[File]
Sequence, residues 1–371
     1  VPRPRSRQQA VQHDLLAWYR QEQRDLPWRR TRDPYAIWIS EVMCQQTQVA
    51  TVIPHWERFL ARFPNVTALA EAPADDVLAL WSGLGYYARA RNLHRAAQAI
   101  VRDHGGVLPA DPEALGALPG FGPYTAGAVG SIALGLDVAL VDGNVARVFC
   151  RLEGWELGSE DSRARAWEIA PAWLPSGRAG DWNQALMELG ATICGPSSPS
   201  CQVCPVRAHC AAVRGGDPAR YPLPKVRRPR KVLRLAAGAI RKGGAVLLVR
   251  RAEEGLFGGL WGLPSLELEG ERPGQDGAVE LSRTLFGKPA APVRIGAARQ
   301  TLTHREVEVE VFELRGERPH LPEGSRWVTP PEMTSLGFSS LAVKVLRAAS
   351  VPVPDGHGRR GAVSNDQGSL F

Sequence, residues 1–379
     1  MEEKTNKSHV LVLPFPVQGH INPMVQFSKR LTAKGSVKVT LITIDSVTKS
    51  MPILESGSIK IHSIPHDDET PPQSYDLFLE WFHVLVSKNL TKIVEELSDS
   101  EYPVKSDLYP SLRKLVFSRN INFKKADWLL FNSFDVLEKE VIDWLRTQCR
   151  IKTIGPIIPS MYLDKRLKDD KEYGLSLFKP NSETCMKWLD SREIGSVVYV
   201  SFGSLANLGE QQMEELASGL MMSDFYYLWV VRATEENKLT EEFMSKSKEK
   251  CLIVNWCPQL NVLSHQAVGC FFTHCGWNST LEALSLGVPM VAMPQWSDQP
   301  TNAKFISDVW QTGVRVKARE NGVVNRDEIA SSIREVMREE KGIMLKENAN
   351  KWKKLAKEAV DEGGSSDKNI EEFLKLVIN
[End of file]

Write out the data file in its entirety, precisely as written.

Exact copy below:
Sequence, residues 1–371
     1  VPRPRSRQQA VQHDLLAWYR QEQRDLPWRR TRDPYAIWIS EVMCQQTQVA
    51  TVIPHWERFL ARFPNVTALA EAPADDVLAL WSGLGYYARA RNLHRAAQAI
   101  VRDHGGVLPA DPEALGALPG FGPYTAGAVG SIALGLDVAL VDGNVARVFC
   151  RLEGWELGSE DSRARAWEIA PAWLPSGRAG DWNQALMELG ATICGPSSPS
   201  CQVCPVRAHC AAVRGGDPAR YPLPKVRRPR KVLRLAAGAI RKGGAVLLVR
   251  RAEEGLFGGL WGLPSLELEG ERPGQDGAVE LSRTLFGKPA APVRIGAARQ
   301  TLTHREVEVE VFELRGERPH LPEGSRWVTP PEMTSLGFSS LAVKVLRAAS
   351  VPVPDGHGRR GAVSNDQGSL F

Sequence, residues 1–379
     1  MEEKTNKSHV LVLPFPVQGH INPMVQFSKR LTAKGSVKVT LITIDSVTKS
    51  MPILESGSIK IHSIPHDDET PPQSYDLFLE WFHVLVSKNL TKIVEELSDS
   101  EYPVKSDLYP SLRKLVFSRN INFKKADWLL FNSFDVLEKE VIDWLRTQCR
   151  IKTIGPIIPS MYLDKRLKDD KEYGLSLFKP NSETCMKWLD SREIGSVVYV
   201  SFGSLANLGE QQMEELASGL MMSDFYYLWV VRATEENKLT EEFMSKSKEK
   251  CLIVNWCPQL NVLSHQAVGC FFTHCGWNST LEALSLGVPM VAMPQWSDQP
   301  TNAKFISDVW QTGVRVKARE NGVVNRDEIA SSIREVMREE KGIMLKENAN
   351  KWKKLAKEAV DEGGSSDKNI EEFLKLVIN